PROVING THINGS 98: AN EASY AND OBVIOUS ROUTE TO REFUTE ALLEGATIONS OF NEGLIGENCE (WHICH WAS NOT DONE)
I am returning to the decision of Mr Justice Martin Spencer today in Lesforis v Tolias  EWHC 1225 (QB). This time in the context of proving, or refuting, allegations of negligence. There was a simple route by which the defendant could have established that clinical decisions were not negligent. The fact that such evidence was not obtained led the judge to prefer the evidence from the claimant’s expert.
The claimant brought an action for clinical negligence. It was alleged that the defendant was negligent in his treatment of the claimant who underwent spinal surgery. One of the allegations was that it was negligent for the defendant to arrange the administration of chemo-prophylaxix within 6 hours of an operation. She was left with incomplete paraplegia.
The judge had to determine which of the experts’ evidence on this point he preferred. The judgment points out that there was a simple factual route by which the defendant could have refuted the allegations of negligence.
“The resolution of this issue depends principally upon my assessment of the respective experts. In this regard, on this issue, I prefer the evidence of Mr Leach to that of Mr Cadoux-Hudson. I was impressed by Mr Leach’s approach to this question and in particular his concession that if someone were to present him with evidence that there is a body of surgeons who routinely give chemo-prophylaxis after spinal surgery within six hours, for example by reference to a protocol from a respected spinal unit such as that at King’s College Hospital, then he would be prepared to change his opinion. Indeed, this would have been an obvious and easy way for Mr Cadoux-Hudson to refute this allegation of negligence but he did not do so despite the fact that there are many spinal units across the country who must have protocols for the giving of chemo-prophylaxis after spinal surgery. I accept Mr Leach’s evidence that he is not aware of spinal surgeons in the UK who, in 2013, were giving chemo-prophylaxis as early as within six hours of surgery and in my judgment this is likely to be because there was no such body of surgeons.”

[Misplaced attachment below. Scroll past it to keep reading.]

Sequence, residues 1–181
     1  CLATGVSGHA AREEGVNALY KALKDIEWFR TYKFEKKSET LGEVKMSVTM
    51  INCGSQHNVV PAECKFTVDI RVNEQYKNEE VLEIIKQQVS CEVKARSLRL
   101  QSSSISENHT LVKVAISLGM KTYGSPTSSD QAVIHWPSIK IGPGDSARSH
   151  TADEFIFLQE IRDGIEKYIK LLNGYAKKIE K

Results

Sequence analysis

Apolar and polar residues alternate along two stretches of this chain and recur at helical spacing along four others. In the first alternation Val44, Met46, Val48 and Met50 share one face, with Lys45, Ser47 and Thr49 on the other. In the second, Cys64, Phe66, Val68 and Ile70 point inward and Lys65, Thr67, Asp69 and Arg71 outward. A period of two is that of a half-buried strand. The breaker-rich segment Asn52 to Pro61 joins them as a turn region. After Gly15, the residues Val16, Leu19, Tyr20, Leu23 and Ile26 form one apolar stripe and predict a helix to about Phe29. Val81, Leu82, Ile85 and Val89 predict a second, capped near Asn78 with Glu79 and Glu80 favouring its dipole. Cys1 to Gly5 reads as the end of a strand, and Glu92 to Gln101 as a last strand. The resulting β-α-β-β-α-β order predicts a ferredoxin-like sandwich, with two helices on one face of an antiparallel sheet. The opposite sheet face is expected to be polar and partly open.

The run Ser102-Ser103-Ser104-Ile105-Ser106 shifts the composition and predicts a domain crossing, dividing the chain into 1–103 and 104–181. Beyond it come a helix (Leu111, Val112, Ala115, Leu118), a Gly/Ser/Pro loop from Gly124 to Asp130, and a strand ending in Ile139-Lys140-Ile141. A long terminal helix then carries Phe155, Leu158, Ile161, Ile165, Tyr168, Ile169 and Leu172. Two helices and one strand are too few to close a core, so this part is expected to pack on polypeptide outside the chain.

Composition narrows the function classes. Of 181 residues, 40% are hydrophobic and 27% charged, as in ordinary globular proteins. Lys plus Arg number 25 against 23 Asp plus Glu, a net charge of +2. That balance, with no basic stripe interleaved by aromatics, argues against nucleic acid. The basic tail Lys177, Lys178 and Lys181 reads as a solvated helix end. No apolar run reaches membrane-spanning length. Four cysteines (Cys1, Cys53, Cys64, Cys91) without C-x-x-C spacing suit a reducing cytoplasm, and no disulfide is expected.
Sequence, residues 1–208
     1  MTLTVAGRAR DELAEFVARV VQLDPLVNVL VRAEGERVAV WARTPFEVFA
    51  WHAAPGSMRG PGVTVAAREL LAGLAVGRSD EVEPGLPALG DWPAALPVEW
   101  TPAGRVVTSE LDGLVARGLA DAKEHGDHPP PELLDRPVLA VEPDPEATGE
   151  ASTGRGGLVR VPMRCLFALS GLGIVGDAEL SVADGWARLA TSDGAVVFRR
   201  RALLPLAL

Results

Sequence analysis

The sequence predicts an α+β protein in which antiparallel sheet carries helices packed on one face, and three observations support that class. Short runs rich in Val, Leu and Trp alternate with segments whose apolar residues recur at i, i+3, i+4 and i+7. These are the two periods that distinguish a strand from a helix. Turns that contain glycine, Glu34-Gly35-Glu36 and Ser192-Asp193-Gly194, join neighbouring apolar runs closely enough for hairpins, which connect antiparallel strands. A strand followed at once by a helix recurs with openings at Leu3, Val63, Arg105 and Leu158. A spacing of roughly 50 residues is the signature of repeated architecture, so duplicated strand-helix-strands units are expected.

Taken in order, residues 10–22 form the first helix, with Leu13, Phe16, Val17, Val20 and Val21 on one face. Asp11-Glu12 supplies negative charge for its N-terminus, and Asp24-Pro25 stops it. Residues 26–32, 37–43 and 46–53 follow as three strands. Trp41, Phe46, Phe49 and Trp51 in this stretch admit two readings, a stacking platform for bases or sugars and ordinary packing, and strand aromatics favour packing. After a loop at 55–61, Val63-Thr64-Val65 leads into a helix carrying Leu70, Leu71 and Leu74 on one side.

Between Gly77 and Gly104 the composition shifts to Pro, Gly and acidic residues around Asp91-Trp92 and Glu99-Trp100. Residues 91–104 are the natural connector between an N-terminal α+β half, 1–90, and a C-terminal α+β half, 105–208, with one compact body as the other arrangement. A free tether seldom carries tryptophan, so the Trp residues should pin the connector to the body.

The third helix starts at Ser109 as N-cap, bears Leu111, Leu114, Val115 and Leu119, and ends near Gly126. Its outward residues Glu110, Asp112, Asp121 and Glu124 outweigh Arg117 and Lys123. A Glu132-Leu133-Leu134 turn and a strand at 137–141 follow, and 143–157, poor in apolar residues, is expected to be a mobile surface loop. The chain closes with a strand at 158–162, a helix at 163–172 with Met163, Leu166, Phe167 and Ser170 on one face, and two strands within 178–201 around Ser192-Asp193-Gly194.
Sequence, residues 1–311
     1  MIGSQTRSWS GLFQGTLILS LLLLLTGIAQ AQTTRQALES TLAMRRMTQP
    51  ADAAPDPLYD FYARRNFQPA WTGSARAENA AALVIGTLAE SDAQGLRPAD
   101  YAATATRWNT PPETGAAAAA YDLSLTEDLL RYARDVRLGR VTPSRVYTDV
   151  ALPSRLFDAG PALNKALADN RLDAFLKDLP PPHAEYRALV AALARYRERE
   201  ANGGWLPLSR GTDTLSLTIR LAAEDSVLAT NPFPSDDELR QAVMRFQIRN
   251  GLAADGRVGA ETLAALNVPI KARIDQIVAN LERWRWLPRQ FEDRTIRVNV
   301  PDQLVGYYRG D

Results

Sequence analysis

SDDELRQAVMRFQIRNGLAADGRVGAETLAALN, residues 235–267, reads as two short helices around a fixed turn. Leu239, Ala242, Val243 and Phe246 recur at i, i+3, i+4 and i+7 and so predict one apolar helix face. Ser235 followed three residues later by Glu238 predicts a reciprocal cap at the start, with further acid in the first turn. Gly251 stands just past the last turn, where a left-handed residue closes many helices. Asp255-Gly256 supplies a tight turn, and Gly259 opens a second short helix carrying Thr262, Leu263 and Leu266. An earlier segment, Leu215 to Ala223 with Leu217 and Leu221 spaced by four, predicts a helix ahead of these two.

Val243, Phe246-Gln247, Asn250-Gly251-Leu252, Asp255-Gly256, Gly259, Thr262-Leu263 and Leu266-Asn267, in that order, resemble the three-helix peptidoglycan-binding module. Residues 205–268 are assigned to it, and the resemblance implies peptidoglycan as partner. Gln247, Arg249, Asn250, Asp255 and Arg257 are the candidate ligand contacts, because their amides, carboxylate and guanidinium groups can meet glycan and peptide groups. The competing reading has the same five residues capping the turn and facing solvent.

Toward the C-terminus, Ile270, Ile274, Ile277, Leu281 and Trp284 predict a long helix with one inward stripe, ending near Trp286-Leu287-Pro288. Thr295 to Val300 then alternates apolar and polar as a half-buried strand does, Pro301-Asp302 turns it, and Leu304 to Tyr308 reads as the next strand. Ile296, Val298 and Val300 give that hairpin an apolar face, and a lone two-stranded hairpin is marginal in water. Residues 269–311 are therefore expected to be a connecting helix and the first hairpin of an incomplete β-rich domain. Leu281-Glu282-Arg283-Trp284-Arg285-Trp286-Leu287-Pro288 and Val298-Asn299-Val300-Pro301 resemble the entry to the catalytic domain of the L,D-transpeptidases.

For these, and other, reasons, the defendant was found to be negligent.